DAN CEARNS The Standard
DURHAM: The Ontario provincial government has announced they will not seek to force any municipalities to amalgamate, following the results of the government’s Regional government review.
“Earlier this year, the government conducted a review of Ontario’s eight regional governments and Simcoe County. Over 8,500 submissions were received and the Special Advisors, Michael Fenn and Ken Seiling, attended nine in-person sessions and listened to ideas from individuals and organizations on how to improve their local governments,” read a press release from the Ministry of Municipal Affairs and Housing. “Throughout this extensive review, the government heard that local communities should decide what is best for them in terms of governance, decision-making and service delivery. After careful consideration of the feedback we heard through the course of the review, our government stands firm in its commitment to partnering with municipalities without pursuing a top-down approach.”
Instead the provincial government is making funding available of up to $143 million to all 444 municipalities to encourage them to find efficiencies.
“Municipalities are the level of government closest to the people, but every community is different – one size doesn’t fit all,” said Steve Clark, Minister of Municipal Affairs and Housing, in the press release. “This investment in communities will support municipal transformation efforts to make sure they are delivering efficient, effective and modern services that best meet the unique needs of their residents.”
Scugog’s Mayor Bobbie Drew welcomed the province’s decision. “I am very pleased that the provincial government has decided not to proceed with the Regional Government Review and instead, acknowledges that municipalities should have control over their own governance. The idea of possible forced amalgamations would have been a difficult road. We know our residents and our local cultural and heritage identity and we thank the province of Ontario for recognizing our distinctions and preserving the two-tier Durham Regional structure,” she said, in a statement. “We will continue to advocate for a more equitable share of funding for rural Ontario municipalities. We will continue to work hard every day to find efficiencies, modernize our technology and service delivery and work in partnership with the Region and the Province to best serve our community.”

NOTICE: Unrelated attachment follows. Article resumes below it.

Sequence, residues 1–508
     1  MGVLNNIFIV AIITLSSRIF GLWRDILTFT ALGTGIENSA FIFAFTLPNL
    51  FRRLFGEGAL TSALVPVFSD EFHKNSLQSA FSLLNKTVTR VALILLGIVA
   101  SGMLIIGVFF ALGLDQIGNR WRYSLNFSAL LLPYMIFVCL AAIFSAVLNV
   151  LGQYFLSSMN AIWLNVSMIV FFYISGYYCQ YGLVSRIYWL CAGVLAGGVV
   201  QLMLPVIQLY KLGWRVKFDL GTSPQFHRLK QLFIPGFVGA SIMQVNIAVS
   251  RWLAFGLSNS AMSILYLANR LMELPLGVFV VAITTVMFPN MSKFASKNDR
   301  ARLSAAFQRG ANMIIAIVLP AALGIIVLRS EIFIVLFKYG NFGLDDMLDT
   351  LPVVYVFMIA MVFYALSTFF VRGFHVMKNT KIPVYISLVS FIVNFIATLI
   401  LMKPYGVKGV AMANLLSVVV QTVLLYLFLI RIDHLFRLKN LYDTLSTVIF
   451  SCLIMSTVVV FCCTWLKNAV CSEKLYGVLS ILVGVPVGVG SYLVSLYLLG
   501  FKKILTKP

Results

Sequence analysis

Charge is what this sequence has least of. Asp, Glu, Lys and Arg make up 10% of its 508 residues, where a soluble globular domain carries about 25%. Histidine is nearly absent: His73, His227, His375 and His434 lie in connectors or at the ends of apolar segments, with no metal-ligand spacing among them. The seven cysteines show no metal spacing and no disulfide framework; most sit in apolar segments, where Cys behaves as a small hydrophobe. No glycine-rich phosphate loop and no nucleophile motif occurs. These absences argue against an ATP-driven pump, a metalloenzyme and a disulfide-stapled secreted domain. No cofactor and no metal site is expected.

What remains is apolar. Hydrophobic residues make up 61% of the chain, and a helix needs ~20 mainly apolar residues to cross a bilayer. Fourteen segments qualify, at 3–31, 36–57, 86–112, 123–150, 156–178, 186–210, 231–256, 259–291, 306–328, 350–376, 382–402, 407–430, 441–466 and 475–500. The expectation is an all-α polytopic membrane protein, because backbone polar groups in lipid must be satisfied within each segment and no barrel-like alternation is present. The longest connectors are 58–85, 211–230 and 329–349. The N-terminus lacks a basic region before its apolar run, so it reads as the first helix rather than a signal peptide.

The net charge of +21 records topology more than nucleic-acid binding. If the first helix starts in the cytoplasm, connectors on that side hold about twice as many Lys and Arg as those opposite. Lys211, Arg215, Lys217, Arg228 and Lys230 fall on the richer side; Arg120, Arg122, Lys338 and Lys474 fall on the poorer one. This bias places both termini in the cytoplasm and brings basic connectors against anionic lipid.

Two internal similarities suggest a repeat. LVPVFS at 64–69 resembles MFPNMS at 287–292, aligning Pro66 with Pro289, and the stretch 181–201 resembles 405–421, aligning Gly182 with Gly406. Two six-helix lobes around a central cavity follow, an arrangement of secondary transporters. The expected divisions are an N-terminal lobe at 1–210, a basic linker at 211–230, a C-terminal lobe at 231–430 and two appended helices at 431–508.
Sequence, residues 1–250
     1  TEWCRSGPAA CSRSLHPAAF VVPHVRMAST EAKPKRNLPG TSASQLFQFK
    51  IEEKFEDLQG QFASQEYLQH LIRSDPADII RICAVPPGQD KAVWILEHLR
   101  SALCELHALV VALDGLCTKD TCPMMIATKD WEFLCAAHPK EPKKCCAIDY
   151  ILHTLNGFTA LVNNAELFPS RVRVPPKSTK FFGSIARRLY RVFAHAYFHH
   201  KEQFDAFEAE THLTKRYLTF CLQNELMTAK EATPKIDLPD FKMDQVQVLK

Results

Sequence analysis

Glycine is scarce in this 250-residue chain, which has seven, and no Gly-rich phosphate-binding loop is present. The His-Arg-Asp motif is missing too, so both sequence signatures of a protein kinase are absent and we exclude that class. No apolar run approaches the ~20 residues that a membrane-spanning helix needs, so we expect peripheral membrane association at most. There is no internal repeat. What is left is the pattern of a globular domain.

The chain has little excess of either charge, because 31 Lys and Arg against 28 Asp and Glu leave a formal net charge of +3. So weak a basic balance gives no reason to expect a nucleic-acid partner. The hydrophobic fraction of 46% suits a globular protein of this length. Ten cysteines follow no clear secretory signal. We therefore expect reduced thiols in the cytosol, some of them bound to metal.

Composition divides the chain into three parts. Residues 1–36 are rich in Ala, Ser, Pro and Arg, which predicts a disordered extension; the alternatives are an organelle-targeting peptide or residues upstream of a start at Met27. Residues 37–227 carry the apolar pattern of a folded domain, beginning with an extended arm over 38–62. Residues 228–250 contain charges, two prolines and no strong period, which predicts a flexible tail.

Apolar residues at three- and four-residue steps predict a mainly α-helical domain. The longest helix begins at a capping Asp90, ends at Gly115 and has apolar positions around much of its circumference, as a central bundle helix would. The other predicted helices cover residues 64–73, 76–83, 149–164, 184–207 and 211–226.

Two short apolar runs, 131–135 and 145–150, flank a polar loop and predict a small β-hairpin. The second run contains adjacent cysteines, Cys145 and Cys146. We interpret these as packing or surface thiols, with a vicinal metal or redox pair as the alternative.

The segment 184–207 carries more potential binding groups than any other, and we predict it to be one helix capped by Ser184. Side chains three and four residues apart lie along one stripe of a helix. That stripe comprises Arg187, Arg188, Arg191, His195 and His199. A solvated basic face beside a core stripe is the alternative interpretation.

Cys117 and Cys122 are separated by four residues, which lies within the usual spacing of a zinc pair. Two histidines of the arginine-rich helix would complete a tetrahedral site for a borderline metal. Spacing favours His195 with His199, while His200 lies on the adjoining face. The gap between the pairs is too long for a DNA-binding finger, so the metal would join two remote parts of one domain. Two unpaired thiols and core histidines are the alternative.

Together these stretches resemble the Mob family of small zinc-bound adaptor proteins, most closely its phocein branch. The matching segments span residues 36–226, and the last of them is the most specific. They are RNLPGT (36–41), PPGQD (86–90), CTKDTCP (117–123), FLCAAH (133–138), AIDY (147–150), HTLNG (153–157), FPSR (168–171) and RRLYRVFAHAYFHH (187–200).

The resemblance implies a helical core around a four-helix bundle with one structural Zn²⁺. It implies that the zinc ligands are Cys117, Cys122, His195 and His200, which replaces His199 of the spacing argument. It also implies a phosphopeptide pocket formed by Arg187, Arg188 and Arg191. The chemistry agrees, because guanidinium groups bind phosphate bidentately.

Durham’s Regional Chair John Henry also released a statement following the announcement. “In Durham Region, we are fortunate to have clearly defined upper- and local-tier roles and responsibilities. This ensures that services are planned, funded and delivered on a broad geographical scale. We work together, in collaboration with the eight local area municipalities, to address common challenges. We have seen, first-hand, the results of this strong approach. It’s about leadership and advocating for good governance. Because we understand the specific needs of our communities, we can ensure the most effective government for our residents and stakeholders,” he said. “In February, all nine heads of council (in Durham Region) collectively conveyed our productive and strong track record; showcasing how we work together to serve our residents. We summarized our valuable services, innovative ideas, and a demonstrated dedication to customer service. We outlined how continuous improvement and innovative thinking are part of our core business. Recent leadership changes have allowed the Region and local municipalities to conduct internal service reviews, support innovation, and develop new shared service arrangements. In Durham Region, we address common challenges by aligning services, when needed.”
The statement later added the Region looks “forward to continuing to work with the province to improve municipal service delivery.”